Ozorith looked the woman over casually from where he sat, taking in the fullness of her state with his eyes. “Not having the best day, I see.” He smirked a bit, both of them knowing that he was fully aware this was exactly the emotional point she’d have to be at to actually call upon him. Serilda said nothing, only glared at him defiantly and refusing to be baited by his mannerisms. “So. You learned my true identity and have taken it upon yourself to summon me. Here I am. How can I be of service?”
“You really do get some kind of sick satisfaction out of this, don’t you?”
“Naturally.” The demon grinned, but as usual it was not a friendly gesture. “It is not easy to shape a path for a woman such as yourself, so disciplined and unwavering in her convictions, to drive herself toward me. I think I am allowed a bit of satisfaction.”
Serilda frowned at him, her heart practically pounding in her ears. “Shape a path?” she asked suspiciously. Her voice grew dark. “Did you have a hand in all this? In driving Mythal into this stupid suicide mission?”
Ozorith chuckled, then held his hands up innocently as her glare deepened and she reached for her sword. “Relax, Serilda. I have had nothing to do with it. Faera’s business is her own, and she and I are hardly friends. I simply… made use of the opportunities that her plots afforded me. I have no interest in your lover.”
She continued to glare at him for a beat or two but ultimately moved her hand away from the hilt of her weapon. Xiuhcoatl was standing next to Serilda, hunched on all fours with her hackles raised, teeth baring in a low, murderous growl. “I see your wolf still has not taken to me.”
“She never will. She know you’re slime.”
He raised a brow. “Now, now. Is that any way to talk to the man you want something from?” Ozorith asked her slowly, a dangerous amusement dancing through his eyes. “Don’t forget… You asked for me.”
Gods, she hated this. He was so smug about this, knowing that she was backed into a corner. With every passing second she questioned her choice and built up her mental fortitude as if to simply throw the whole idea away and say forget it. But, she couldn’t. Mythal would die if she couldn’t find a way to get to him. He may die anyway, but either way she wasn’t going to let him face the fallen goddess alone. She had promised him that night back at the Oak Inn, seemingly ages ago now, that she would do everything she could to help him with this fight… and she meant it.
Serilda set a soothing hand on the wolf. The gesture did little to actually make the creature feel better, but she did stop growling and made an effort to at least appear relaxed. “If I were interested in this… whatever it is your offering me,” she said, looking him in the eye and making it clear with her tone that she was not yet fully committed to this venture so much as at least exploring its possibility. “What would it entail?”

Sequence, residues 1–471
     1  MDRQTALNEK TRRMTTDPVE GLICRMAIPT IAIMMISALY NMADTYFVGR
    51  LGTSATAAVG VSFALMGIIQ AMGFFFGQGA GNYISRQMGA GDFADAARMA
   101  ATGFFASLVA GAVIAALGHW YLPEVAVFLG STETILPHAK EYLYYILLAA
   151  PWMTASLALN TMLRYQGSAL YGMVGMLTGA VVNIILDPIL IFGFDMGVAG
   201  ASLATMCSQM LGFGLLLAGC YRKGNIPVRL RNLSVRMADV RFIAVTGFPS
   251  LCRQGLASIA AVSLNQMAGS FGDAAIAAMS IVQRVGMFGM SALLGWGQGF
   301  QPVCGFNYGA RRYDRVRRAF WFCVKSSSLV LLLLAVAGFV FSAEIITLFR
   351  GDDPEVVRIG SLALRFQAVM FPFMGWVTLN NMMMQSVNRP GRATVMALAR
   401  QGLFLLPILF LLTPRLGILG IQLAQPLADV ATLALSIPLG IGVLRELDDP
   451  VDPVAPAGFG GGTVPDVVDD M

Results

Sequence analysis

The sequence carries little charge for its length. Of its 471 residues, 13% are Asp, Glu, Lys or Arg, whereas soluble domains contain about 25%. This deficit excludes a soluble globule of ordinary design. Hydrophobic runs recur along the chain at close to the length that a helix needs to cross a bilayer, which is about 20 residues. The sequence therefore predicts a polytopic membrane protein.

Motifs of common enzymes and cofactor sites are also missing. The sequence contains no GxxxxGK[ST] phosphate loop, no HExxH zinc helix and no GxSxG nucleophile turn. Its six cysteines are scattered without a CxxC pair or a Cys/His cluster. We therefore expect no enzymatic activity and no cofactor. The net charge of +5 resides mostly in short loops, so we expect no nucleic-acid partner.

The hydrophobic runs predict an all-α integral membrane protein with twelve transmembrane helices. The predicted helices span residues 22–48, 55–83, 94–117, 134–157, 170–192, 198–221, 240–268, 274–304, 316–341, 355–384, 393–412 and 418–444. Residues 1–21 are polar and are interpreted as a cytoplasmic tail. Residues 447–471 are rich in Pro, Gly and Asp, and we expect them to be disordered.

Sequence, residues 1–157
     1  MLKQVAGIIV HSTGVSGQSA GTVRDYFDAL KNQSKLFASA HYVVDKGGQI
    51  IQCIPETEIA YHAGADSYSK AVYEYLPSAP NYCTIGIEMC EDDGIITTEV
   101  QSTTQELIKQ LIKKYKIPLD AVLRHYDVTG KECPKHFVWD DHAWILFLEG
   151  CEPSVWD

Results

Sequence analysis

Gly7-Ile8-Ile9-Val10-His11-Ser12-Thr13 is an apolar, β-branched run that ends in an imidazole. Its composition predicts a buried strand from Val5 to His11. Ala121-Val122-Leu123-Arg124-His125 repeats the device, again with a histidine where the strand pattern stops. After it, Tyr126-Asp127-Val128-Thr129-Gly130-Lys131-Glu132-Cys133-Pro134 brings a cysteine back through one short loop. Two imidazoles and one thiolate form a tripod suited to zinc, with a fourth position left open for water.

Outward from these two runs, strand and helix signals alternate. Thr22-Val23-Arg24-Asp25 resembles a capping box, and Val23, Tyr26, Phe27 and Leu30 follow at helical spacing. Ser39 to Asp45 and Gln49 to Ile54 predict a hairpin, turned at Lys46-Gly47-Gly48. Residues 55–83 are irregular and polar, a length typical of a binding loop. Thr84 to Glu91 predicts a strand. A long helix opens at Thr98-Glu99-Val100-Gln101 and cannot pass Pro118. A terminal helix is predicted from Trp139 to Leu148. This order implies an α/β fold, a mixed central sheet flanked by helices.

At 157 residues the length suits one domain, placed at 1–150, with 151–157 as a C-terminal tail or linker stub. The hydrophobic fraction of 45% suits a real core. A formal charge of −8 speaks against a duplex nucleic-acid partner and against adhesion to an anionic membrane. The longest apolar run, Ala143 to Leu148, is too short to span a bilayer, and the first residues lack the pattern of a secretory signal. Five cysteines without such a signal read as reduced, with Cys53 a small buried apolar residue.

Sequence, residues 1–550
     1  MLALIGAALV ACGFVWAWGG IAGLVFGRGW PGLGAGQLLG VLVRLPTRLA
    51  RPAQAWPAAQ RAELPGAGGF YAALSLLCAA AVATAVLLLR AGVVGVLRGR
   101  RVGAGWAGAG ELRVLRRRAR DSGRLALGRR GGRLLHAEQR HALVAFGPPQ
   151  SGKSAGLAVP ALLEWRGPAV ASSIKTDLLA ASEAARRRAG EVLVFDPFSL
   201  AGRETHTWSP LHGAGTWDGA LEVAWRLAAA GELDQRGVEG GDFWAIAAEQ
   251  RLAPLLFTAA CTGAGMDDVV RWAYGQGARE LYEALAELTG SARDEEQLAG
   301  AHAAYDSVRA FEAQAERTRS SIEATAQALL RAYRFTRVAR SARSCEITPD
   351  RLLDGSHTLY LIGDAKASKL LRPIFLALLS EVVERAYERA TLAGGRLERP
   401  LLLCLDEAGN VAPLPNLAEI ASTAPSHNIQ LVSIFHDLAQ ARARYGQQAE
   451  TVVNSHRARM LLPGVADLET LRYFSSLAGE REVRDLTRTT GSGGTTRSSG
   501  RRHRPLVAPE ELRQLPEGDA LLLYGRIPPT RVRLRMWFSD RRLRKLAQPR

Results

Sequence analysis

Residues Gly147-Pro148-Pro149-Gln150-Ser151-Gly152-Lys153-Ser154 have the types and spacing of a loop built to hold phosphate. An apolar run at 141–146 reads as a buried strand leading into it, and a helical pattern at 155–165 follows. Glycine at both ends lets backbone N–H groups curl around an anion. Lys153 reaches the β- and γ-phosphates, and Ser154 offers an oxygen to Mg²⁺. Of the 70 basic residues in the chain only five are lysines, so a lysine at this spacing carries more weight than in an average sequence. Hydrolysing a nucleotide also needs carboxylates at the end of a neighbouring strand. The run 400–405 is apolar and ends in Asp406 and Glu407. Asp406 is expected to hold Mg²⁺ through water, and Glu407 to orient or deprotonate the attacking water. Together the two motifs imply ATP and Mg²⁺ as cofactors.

He smiled, all too willing to answer that particularly question. “As you already know from my comrade, I am what’s known in hell as the Prime Sin of Wrath. Any demons that thrive off war, conflict, anger, resentment… they fall under my command and authority. Ruzatz explained to you already that I am drawn to mortals with such qualities as well, ones which you possess in abundance though they simmer deep within your core rather than flash on display around you. As a Prime Sin, I am able to establish a mortal as my… vassal, if you will.”
She certainly wasn’t sure that she liked the sound of that. “So I’d have to what, then? Seek out wars and fight in your name? Draw people to your name?”
“Hardly,” he said, waving a dismissive hand at her. “The requirements of the job aren’t quite so focused as that. Really, there is not much that you would have to change about your life as you currently live it. Wrath comes as easily to good men as to evil ones, and I don’t expect you to suddenly change your moral grounds just to start working for me. You and I both know that would never happen, no matter how badly you need my help.”
“Then what’s the point?”
“The point, dear Serilda, is that where the areas of my domain are allowed to foster, I grow with them. All Prime Sins are made stronger by the presence of their domains. Our vassals are selected with great care. We seek to find individuals that embody our desired traits naturally, whose paths will allow them the chance to flourish and display those traits as profoundly as possible. Take Agatha, for instance. Ruzatz chose her as his Hand of Lust because she was already a woman that exudes both sexual and emotional passion in a degree far above the rest of her human kin, to the point where she has won over both the bodies and hearts of men and women alike the world over -- and even at least one god that I know of, though Ramuh was far too possessive over her for that to work out in the long run.”
Ozorith shrugged as Serilda frowned. “Wait, Ruzatz’s wife is his vassal?”